The Importance Of pH In Meat Quality


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pH refers to the level of acidity or alkalinity in meat, and it plays a crucial role in determining the quality of the meat you eat. A proper pH level ensures that the meat is fresh, tender, and juicy. It also helps in preserving the meat for a longer period of time. When the pH level in meat is too high or too low, it can result in spoilage, discoloration, and even a sour taste. That’s why it’s crucial to maintain the right pH level in meat to ensure that it’s safe and healthy for consumption.

As a meat lover, you might have noticed that some cuts of meat are juicier and more tender than others. Have you ever wondered what causes these differences? One of the most important factors that affect meat quality is pH. The pH level of meat is a crucial indicator of its freshness, taste, texture, and safety. It is a measure of the acidity or alkalinity of the meat, and it plays a crucial role in determining the overall quality of the meat. 

The pH level of meat can be influenced by various factors, including the animal’s age, diet, and breed, as well as the processing methods used. In this article, we will provide an in-depth analysis of the significance of pH in meat quality, the factors that affect it, and how it can be measured and managed to achieve optimal meat quality.

What Is Meat Quality?

Meat quality is a broad term that refers to the various characteristics of meat that determine its suitability for consumption. It encompasses a range of factors, including taste, texture, nutritional value, and overall freshness. The quality of meat can vary greatly depending on a variety of factors, such as the animal’s breed, how old the animal is, its diet, and how it was raised and processed. 

One of the primary indicators of meat quality is flavor. The taste of meat is influenced by a complex combination of factors, including the animal’s diet, the presence of fat and muscle, and the cooking method used. High-quality meat should have a distinct, savory flavor that is neither too bland nor too overpowering. The texture of the meat is also an important factor in determining its quality. Tender, juicy meat that is easy to chew and digest is generally considered to be of higher quality than tough, dry meat with consumers.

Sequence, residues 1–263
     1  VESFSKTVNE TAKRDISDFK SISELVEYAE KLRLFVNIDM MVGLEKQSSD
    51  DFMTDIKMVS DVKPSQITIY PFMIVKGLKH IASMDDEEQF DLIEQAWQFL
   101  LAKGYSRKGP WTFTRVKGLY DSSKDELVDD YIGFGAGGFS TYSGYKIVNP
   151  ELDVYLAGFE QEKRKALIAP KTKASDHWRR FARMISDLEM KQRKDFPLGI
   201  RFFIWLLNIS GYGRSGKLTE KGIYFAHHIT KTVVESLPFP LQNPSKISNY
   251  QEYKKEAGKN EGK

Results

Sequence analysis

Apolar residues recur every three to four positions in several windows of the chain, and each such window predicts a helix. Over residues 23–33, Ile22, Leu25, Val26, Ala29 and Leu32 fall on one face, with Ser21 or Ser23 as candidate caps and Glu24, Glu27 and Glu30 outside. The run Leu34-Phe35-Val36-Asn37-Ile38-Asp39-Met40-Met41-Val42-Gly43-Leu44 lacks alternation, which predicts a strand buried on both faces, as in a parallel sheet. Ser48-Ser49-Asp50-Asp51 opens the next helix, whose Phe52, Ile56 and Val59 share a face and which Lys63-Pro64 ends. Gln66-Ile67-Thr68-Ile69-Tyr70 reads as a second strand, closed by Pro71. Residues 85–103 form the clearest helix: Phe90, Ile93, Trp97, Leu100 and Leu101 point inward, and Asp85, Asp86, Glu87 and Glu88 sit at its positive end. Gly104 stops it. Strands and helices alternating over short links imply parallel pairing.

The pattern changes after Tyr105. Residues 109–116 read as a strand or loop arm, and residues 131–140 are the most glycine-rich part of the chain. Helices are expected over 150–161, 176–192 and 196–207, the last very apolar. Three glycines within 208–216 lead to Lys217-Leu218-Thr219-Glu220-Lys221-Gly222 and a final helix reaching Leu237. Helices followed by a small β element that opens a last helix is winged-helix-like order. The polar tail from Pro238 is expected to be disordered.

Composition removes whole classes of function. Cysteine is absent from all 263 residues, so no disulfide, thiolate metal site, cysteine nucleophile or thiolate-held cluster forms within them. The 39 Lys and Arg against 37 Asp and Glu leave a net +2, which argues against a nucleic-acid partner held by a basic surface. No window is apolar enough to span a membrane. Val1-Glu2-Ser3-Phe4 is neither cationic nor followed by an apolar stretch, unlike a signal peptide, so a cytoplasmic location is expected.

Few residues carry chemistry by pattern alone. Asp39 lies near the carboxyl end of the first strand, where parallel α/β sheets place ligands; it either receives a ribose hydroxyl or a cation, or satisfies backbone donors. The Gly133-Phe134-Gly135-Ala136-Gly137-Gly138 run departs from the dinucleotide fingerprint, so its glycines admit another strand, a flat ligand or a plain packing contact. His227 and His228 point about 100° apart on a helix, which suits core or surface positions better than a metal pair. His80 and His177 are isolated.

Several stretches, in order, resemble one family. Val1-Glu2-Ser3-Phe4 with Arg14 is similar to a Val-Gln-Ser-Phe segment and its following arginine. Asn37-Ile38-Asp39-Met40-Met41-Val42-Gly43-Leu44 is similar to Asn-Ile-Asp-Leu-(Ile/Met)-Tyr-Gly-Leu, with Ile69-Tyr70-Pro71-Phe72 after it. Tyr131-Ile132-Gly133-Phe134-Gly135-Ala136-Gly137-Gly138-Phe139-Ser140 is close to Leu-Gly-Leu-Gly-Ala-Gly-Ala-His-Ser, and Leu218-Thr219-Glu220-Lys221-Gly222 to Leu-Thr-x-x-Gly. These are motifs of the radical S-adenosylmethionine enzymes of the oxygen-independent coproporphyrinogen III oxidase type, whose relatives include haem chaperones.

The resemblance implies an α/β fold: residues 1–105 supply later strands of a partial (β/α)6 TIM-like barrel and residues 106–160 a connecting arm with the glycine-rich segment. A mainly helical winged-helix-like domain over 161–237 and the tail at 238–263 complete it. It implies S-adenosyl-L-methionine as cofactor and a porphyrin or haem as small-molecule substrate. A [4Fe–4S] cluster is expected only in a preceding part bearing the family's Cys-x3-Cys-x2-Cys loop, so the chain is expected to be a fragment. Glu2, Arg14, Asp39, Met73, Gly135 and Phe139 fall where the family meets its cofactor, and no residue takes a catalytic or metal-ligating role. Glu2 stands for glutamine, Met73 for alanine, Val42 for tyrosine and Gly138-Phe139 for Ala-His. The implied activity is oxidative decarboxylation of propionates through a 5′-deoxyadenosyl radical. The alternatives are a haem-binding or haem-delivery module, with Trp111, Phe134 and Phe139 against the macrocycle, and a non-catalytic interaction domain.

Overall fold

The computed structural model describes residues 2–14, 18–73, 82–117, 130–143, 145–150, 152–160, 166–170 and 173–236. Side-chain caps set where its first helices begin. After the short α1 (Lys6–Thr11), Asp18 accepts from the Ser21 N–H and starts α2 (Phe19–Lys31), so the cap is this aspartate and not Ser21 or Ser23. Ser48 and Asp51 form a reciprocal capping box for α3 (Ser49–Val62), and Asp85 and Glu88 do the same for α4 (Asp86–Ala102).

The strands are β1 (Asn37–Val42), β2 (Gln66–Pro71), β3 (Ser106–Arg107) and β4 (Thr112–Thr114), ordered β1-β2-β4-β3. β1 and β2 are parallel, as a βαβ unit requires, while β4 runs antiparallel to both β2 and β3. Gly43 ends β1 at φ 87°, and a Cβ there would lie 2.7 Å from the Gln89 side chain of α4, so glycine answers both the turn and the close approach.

Another important aspect of meat quality is its nutritional value. Meat is an important source of protein, vitamins, and minerals, but the nutritional content can vary depending on the animal’s diet and other factors. High-quality meat should be relatively lean and contain a good balance of nutrients. It should also be free from harmful additives and preservatives that can compromise its nutritional value.

Finally, meat quality is also influenced by its freshness. Fresh meat should be free from any unpleasant odors or discolorations and should be stored at the proper temperature to prevent spoilage. Proper handling and storage are essential to maintaining the quality of meat, as exposure to light, heat, and air can all cause it to deteriorate quickly.

How Is Meat Quality Measured?

The quality of meat is determined by various factors such as the pH of meat, color, texture, and fat content. The pH of meat is an essential factor that determines its quality. The pH of fresh meat ranges from 5.5 to 6.2 and is measured using a pH meter. A pH meter is a device that measures the acidity or alkalinity of meat, on a scale from 0-14 where >7 is alkaline, and <7 is acidic.

Meat & pH Levels

Below are the common meat cuts and their ideal pH range:

  • Pork: 5.6-5.8
  • Beef: 5.5-6.2
  • Lamb: 5.8-6.0

Additional meat products & pH ranges:

  • Mixed meat in vinegar: 4.5-5.2
  • Raw fermented sausage: 4.8-6.0
  • Canned meats: 5.8-6.2
  • Blood sausages: 6.5-6.8
  • Muscle tissue (directly after slaughter): 7.0-7.2

What Factors Affect pH in Meat?

As previously mentioned, the pH of meat is affected by several factors.